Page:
IInterest rates are expected to rise soon, but real yields will remain low, prompting many investors to embrace high-income exchange-traded funds.
Income-hungry investors may want to consider some of the more unique offerings in this category, including the BDC VanEck Vectors Income ETF (NYSEArca: BIZD). BIZD, the dominant name among ETFs focused on business development companies (BDCs), tracks the MVIS US Business Development Companies Index and has a 30-day SEC yield of 7.89%.
“Annual dividend yields of 7% to 10% are typical. By comparison, a high yield bond benchmark, the ICE BofA US High Yield Index, has an annual return of around 5.5%, and the S&P 500 Index a return of 1.4%. Even with bond yields expected to rise as the Federal Reserve begins to raise interest rates, BDCs offer attractive returns, with room for growth,” reports Nicolas Jasinski for Barron’s.
BDCs derive their income from the difference between the rates at which they lend money to holding companies and their own interest and debt. For example, if one of BIZD’s 25 member companies lends money to a mid-sized company at 10%, but the cost of that capital to BDC is only 3%, that’s a scenario likely to appeal to investors.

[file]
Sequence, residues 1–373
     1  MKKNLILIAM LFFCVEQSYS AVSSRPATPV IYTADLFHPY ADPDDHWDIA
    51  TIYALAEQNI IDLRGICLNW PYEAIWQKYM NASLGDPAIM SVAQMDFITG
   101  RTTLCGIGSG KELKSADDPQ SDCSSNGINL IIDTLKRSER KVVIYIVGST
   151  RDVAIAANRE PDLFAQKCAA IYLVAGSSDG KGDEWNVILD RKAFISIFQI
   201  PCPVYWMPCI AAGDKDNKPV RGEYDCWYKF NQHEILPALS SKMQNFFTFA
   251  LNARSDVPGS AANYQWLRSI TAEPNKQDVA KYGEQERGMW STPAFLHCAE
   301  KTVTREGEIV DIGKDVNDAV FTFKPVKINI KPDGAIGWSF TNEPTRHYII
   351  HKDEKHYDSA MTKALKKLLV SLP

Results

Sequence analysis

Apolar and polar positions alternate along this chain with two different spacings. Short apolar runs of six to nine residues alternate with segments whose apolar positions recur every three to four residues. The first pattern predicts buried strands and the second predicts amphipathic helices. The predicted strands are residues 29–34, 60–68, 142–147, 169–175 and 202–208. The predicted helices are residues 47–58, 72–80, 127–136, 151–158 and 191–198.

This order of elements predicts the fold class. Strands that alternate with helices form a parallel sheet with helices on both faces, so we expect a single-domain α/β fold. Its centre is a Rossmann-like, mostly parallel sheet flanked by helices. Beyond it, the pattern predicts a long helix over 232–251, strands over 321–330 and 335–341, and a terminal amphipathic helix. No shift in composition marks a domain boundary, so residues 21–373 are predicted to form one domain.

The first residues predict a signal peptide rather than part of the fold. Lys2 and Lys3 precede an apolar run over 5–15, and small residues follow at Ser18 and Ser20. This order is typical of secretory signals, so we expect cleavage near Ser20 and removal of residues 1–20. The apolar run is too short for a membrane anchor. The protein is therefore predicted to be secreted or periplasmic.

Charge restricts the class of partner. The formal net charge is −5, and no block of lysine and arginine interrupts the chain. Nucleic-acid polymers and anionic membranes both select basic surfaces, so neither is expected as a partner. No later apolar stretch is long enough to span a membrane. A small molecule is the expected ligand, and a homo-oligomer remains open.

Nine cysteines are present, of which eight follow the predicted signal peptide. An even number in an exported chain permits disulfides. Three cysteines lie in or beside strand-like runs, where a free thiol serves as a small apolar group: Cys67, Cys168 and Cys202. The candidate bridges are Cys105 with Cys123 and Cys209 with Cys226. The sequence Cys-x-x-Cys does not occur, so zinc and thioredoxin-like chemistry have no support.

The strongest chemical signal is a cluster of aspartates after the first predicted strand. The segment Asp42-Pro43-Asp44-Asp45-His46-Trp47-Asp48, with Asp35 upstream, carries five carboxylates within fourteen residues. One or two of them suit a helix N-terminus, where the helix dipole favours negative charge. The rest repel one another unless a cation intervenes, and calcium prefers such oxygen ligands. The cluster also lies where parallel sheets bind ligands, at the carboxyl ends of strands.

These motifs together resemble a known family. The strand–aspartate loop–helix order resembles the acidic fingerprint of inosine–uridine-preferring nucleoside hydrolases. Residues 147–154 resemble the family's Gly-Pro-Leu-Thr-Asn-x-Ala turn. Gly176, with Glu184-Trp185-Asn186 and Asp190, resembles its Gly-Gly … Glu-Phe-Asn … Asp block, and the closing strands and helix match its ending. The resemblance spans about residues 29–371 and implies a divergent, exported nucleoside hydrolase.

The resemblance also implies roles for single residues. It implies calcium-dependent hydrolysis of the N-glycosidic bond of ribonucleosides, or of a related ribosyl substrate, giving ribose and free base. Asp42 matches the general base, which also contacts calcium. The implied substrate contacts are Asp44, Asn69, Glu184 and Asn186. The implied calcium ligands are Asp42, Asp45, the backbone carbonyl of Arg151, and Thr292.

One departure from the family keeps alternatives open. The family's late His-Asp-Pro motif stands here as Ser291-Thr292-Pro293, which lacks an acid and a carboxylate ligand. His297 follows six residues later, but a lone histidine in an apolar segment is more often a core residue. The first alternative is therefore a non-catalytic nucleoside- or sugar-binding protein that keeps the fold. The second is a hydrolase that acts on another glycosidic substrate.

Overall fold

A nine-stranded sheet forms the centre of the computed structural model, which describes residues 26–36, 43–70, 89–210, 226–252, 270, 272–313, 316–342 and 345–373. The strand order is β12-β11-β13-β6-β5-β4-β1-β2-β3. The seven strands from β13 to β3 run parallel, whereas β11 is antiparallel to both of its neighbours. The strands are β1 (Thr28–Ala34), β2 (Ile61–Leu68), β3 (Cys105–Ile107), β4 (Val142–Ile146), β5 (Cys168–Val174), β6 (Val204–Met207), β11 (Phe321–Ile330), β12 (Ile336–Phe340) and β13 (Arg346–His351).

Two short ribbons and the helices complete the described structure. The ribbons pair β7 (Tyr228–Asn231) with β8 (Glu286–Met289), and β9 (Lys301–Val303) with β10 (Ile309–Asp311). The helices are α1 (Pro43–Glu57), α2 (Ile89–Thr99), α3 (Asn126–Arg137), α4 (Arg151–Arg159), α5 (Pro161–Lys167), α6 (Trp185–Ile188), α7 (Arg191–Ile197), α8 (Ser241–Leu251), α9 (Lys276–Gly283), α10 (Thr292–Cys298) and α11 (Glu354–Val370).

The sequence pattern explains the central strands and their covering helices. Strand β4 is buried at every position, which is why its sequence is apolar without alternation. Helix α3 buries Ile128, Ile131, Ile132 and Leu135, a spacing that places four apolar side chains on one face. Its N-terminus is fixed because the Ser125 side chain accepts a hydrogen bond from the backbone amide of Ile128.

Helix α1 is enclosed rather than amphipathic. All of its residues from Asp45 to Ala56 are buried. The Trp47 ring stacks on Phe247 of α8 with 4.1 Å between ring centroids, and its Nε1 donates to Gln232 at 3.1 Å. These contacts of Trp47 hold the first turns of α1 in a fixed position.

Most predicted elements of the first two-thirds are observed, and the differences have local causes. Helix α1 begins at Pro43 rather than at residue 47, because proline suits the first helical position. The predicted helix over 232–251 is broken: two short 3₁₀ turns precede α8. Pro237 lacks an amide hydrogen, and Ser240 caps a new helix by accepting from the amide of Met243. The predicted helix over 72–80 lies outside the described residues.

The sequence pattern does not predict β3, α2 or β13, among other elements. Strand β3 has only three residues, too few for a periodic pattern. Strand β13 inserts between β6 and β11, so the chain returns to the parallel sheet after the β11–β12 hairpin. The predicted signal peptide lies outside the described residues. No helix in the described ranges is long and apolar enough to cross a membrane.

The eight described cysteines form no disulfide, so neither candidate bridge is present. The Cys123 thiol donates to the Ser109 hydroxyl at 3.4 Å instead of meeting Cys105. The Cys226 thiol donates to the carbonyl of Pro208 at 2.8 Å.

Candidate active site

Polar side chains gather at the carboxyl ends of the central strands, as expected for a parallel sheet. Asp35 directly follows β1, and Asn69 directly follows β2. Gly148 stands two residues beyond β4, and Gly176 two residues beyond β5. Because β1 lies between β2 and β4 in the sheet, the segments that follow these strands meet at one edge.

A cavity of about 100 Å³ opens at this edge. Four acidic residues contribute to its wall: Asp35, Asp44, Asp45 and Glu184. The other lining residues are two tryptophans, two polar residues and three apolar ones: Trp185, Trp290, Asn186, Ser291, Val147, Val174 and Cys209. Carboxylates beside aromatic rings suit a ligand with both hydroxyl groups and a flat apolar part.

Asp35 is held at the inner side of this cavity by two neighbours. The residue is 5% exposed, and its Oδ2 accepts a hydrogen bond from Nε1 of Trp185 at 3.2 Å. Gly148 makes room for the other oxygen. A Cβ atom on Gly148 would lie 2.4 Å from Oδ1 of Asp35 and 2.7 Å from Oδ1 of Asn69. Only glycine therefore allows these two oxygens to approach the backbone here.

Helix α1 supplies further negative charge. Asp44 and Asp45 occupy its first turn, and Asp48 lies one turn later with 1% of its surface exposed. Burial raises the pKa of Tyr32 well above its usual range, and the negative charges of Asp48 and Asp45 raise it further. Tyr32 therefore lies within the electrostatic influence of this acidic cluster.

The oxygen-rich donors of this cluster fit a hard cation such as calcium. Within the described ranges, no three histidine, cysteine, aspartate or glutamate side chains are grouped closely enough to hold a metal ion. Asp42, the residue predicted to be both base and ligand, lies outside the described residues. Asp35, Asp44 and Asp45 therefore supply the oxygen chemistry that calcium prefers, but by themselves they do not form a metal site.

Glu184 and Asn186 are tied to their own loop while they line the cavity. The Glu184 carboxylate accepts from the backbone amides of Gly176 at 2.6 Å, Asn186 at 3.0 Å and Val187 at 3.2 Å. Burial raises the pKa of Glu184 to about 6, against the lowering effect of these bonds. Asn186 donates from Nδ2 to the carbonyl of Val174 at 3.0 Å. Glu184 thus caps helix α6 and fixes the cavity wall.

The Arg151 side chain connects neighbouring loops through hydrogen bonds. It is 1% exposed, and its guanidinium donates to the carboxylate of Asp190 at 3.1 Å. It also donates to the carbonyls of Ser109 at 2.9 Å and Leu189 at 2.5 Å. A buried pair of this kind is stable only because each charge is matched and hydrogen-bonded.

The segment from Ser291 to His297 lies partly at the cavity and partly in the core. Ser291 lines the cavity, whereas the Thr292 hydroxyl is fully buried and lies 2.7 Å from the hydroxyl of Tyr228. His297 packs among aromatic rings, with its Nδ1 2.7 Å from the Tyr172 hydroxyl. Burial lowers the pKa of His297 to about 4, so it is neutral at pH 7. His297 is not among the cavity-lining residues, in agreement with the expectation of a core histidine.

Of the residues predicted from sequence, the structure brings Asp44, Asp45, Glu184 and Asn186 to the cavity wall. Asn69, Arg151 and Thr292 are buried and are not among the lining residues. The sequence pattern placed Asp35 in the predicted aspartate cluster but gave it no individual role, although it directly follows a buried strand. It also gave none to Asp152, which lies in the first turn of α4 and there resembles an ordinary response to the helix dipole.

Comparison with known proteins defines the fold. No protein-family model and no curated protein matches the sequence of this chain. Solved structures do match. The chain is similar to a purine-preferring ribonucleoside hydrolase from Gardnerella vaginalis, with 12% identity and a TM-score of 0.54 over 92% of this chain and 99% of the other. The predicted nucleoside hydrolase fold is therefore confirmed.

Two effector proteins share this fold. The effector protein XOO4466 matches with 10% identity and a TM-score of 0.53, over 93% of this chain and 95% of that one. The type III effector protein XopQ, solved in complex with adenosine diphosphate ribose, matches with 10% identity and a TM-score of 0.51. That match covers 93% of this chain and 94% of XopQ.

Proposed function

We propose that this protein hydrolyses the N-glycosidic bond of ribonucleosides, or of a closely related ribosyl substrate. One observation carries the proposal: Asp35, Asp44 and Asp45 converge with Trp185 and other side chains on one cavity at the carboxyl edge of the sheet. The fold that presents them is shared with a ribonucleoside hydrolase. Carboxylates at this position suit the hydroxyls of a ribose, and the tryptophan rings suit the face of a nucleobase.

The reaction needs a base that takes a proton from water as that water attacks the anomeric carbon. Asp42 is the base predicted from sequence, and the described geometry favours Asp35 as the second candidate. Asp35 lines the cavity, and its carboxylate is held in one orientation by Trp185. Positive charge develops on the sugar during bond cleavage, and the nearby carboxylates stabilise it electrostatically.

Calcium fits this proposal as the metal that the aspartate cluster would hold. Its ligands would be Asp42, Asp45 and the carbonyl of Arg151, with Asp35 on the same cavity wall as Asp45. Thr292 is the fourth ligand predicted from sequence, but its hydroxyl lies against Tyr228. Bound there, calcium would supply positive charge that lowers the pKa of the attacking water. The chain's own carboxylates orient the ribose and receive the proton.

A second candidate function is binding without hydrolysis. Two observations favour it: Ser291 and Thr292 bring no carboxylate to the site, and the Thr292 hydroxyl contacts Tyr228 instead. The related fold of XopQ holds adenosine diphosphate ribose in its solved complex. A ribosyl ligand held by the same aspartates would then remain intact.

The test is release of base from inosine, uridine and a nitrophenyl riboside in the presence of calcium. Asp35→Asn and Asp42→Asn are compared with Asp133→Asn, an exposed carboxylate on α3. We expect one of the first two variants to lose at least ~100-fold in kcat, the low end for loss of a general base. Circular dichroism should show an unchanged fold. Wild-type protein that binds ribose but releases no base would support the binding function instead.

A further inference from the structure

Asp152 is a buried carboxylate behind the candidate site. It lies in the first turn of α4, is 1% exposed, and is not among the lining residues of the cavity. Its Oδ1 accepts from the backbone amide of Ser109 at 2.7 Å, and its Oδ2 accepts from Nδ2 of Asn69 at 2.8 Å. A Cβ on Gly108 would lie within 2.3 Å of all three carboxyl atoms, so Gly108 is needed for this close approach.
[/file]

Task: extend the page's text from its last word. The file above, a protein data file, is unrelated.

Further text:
Additionally, there is rising rate protection offered by the asset class and BIZD itself. While investors often view business loans through the lens of fixed interest rates, the reality is that more than eight out of 10 BDC loans made have variable rates, which offers significant advantages in the context of the tightening of the Federal Reserve.
“Loans from BDCs tend to have floating interest rates, which means that interest income should increase as benchmark rates rise. On the other hand, BDCs tend to borrow at fixed rates, which keeps their costs stable,” according to Barron’s.
The fact that the current climate is a target-rich environment for BDCs adds to the appeal of BIZD, as many businesses need access to capital. BDCs, including BIZD member companies, fill gaps overlooked by banks and their often restrictive credit standards.
“They’re not short of targets. An influx of capital into private equity funds has led to more leveraged buyouts to fund, just as traditional banks shunned riskier lending in the post-global financial crisis era,” Barron’s concludes.
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